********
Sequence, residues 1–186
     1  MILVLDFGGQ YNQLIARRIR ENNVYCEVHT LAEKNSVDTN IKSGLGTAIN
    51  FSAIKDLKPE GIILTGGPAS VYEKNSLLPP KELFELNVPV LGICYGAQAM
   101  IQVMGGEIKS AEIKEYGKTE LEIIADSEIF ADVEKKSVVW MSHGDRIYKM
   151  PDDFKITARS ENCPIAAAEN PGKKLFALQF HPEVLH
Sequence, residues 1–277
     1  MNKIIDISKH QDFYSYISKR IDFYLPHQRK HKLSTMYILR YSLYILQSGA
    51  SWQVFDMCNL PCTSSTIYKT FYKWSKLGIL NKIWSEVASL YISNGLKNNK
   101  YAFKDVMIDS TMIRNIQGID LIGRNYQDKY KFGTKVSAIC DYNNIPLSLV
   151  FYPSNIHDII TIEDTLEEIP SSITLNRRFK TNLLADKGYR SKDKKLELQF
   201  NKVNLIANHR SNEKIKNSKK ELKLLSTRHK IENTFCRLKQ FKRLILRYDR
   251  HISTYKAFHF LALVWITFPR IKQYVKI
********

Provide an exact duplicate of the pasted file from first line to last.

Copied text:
Sequence, residues 1–186
     1  MILVLDFGGQ YNQLIARRIR ENNVYCEVHT LAEKNSVDTN IKSGLGTAIN
    51  FSAIKDLKPE GIILTGGPAS VYEKNSLLPP KELFELNVPV LGICYGAQAM
   101  IQVMGGEIKS AEIKEYGKTE LEIIADSEIF ADVEKKSVVW MSHGDRIYKM
   151  PDDFKITARS ENCPIAAAEN PGKKLFALQF HPEVLH
Sequence, residues 1–277
     1  MNKIIDISKH QDFYSYISKR IDFYLPHQRK HKLSTMYILR YSLYILQSGA
    51  SWQVFDMCNL PCTSSTIYKT FYKWSKLGIL NKIWSEVASL YISNGLKNNK
   101  YAFKDVMIDS TMIRNIQGID LIGRNYQDKY KFGTKVSAIC DYNNIPLSLV
   151  FYPSNIHDII TIEDTLEEIP SSITLNRRFK TNLLADKGYR SKDKKLELQF
   201  NKVNLIANHR SNEKIKNSKK ELKLLSTRHK IENTFCRLKQ FKRLILRYDR
   251  HISTYKAFHF LALVWITFPR IKQYVKI